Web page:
Before Time & Lost Route to Roots
Tuesday, 09 October 2007"History, history! We fools, what do we know or care."
William Carlos Williams"Clio, the muse of history, is as thoroughly infected with lies as a street whore with syphilis."
Last week a historical monograph titled "Discover Old Belize Town: Sites & Places of Memory"
authored and compiled by Dr. Aondofe Joe lyo was launched at the House of Culture on Regent Street. Even though the volume is a slim and trim 60 pages, it is chock full of information on the olden days of the Old Capital. A who's who and what's what on the times and customs of Belize before it was Belize: a time before time. Or nearly before recorded time.
So what's so special about a pilinky chronicle of Belize City circa 175 to 200 to 225 years ago that warrants a two page spread in the BELIZE TIMES? Easy dude, `cause history ain't nothing to sneeze at. `Cause the past can help ya get a sense why ya think and act the way ya do.
Yah, yah, some wise of pundits say that the young generation of Belizeans doesn't give a damn about history. That historical awareness has nothing to do with the price of rice. That the young generation is primarily a product of consumerism gone seriously awry. Consumerism via the high tech miracle of TV and the sexy winding and grinding and opulent trophies of Gangsta Rap on BET cable station. Consumerism as the narcissistic obsession of teens. The be-all and end-all of life; where a gold chain or a name brand tennis shoe is worth much more than a human life.
A mighty convincing argument: blame it BET, but, but, but not the whole ball of wax. Sure, BET is a beguiling, amoral, visually enticing three minutes of sex, drugs and all the decadence big money can buy. Sure, teens are captivated by those glitzy cathode ray images. However, there's more going on in this here jewel besides bunches of teenage BET wanna-bes. Dr. Aondofe Joe Iyo
Dr. Iyo's book helps fill in the blanks. It is a signpost, a somewhat rickety signpost pointing the way to how Belize City was settled and how the settlement evolved. I say "rickety signpost" because as Dr. lyo states in his introduction his book is based on available information. And that's the rub. Ya see, everyday, working class Joes of color didn't chronicle their history. The slaves didn't write for The Honduras Almanack (1828) or The Handbook of British Honduras (1825). Who did write for the Almanack and the Handbook were the white colonialists; the slave masters and their cronies. Only half the story was available for research. So the so-called `rickety signpost' is due to the inherent white, elitist bias of the source authors.
And I'm talking serious racial bias here. Check out this lulu culled from John Lloyd Stephens account written in his 1839 tome titled "Incidents of Travel in Central America, Chiapas and Yucatan" that is excerpted on page 29 and 30 in Iyo's text. "The Negro schools stand in the rear of the Government House, and the boy's department consisted of about 200 .... from nearly white down to two little native Africans bearing on their cheeks of the scars of cuts made by their parents at home.”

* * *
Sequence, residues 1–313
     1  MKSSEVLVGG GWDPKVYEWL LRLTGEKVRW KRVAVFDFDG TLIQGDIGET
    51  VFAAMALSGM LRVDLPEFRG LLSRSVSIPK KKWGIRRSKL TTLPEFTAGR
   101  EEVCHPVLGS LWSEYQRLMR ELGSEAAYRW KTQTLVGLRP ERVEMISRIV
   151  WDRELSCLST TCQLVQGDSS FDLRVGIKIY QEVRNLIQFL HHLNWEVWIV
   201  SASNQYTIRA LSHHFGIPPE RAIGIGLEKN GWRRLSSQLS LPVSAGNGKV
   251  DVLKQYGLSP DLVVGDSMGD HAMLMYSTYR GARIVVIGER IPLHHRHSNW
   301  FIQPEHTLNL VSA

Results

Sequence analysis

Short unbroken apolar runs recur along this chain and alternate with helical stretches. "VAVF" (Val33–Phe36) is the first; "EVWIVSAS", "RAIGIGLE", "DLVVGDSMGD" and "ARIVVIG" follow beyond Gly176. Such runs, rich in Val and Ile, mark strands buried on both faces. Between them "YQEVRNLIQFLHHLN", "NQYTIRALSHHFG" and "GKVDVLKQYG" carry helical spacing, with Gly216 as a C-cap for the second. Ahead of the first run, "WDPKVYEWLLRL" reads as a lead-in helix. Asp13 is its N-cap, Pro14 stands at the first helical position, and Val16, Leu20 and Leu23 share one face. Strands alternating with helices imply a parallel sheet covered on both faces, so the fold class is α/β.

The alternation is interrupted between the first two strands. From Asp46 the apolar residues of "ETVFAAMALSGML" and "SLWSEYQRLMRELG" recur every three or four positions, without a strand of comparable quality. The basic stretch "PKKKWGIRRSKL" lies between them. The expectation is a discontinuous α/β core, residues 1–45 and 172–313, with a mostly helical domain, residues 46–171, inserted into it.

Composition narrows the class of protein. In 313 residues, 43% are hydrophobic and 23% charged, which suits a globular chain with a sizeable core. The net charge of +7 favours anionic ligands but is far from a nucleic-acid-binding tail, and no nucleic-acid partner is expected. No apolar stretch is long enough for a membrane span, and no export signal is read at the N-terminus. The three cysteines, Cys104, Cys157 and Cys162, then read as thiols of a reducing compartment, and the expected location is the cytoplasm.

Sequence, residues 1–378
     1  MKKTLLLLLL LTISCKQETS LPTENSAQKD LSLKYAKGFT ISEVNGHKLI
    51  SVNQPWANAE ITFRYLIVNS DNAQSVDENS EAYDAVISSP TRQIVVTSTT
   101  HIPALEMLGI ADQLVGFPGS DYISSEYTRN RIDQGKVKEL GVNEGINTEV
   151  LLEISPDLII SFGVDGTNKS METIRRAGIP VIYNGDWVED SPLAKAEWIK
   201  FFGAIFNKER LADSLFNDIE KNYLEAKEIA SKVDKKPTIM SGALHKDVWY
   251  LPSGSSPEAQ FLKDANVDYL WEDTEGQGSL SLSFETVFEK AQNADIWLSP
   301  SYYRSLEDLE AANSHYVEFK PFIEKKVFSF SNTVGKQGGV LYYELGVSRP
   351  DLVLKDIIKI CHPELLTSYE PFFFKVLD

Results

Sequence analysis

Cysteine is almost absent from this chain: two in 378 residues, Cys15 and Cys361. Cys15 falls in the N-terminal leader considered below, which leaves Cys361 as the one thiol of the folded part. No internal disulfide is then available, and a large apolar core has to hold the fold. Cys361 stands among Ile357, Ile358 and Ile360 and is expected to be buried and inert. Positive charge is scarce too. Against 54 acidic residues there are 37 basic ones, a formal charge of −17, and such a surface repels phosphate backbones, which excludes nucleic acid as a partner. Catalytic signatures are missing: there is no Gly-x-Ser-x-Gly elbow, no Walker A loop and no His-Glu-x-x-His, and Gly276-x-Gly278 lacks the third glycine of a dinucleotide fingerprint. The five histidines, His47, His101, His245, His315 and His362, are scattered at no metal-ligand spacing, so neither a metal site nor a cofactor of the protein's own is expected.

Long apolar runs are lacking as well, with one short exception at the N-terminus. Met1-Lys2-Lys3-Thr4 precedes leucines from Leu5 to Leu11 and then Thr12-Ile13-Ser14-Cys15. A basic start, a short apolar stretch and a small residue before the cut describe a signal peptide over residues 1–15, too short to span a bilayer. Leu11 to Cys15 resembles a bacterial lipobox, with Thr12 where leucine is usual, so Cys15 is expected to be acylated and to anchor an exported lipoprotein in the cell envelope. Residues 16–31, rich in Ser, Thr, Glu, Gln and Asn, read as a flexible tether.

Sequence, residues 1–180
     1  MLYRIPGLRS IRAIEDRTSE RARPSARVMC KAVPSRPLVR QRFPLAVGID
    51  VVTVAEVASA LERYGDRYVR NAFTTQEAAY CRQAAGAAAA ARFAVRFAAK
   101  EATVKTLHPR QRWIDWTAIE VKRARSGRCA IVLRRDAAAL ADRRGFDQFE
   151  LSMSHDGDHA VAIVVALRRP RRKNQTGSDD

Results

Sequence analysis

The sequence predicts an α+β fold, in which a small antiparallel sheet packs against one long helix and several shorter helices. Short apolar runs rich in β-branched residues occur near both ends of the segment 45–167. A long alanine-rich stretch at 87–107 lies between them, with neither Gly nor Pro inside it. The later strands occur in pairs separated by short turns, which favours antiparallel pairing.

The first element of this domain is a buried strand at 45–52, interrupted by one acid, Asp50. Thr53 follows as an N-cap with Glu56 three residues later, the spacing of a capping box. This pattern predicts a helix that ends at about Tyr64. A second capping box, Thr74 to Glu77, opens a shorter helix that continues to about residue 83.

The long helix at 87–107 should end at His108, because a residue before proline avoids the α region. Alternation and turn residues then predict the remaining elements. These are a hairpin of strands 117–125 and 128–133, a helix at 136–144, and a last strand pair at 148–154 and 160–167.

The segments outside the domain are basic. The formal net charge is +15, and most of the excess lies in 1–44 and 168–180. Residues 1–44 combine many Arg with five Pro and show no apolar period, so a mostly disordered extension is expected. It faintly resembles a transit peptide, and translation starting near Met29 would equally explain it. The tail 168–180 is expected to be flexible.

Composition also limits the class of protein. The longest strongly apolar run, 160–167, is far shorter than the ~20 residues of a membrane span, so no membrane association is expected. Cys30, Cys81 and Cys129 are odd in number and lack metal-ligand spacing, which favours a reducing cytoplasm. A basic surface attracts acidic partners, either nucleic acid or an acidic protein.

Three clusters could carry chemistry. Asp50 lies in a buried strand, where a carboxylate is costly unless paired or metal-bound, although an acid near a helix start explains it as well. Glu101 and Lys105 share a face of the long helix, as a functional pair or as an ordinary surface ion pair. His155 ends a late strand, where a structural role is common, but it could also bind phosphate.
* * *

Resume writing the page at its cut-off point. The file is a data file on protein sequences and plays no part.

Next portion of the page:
If that isn't insulting and culturally crass enough to make your blood boil, Stephens next observation is vile racial stereotyping to the nth degree. "..the brightest boys, and those who had improved the most, were those who had in them the whitest blood. The mistress of the female department ... told us she had many clever black girls under her charge, but her white scholars were always the most quick and capable."
The pisser is, it was blithely unaware bigots like Stephens that were the ones that documented history; their own brand of white supremacist history.
While the white dudes were penning their bigoted historical accounts, the people of color in old Belize Town evolved their own historical documentation method. The slaves had developed an oral tradition. Like the griots of Sub Saharan Africa, the slaves and free-Blacks of old Belize Town used narrative storytelling to pass on their historical accounts from generation to generation. Oral history was the name of the game.
Unfortunately when Dr. Iyo attempted to interview some of old Belize Town's senior citizens to capture that oral tradition on paper he found out that the griot tradition was short circuited by the mass exodus to the States of two generations of Belizeans directly following the 1931 and 1961 hurricanes. Iyo writes, "Thus it was impossible to explore the experience of slavery and colonialism in Belize Town, as seen or heard by the group that felt the brunt most."
The exodus to what many Belizeans still view as the `land of milk and honey' prevented the descendants of slaves from continuing their side of history, leaving only biased colonial sources of questionable accuracy for modern day historians to utilize.
We need more historical documentation. We need more political history. More cultural history. More music history. More sports history. More art history. More history. Belize has already lost big chunks of Black heritage to the flight up north. It's time now to get it together and record the various histories, be it on tape, video or written before it's too late.
What I'd like to see happen is some enterprising historian set up a video camera in front of that Grand Dame of archivists-historians Meg Craig and just let her talk about all her obsessive collection. That would take up a few hundred hours of video, but what a treasure trove of knowledge our future historians would have at their fingertips. Sure, I realize Miss Meg values her privacy and an extended documentary would be an incursion into her twilight years, though a necessary, historically dictated incursion. Don't let Miss Meg go gently into that goodnight without tapping into her data base. She's one kind of griot we need more of. http://belizetimes.biz/content/view/460/9/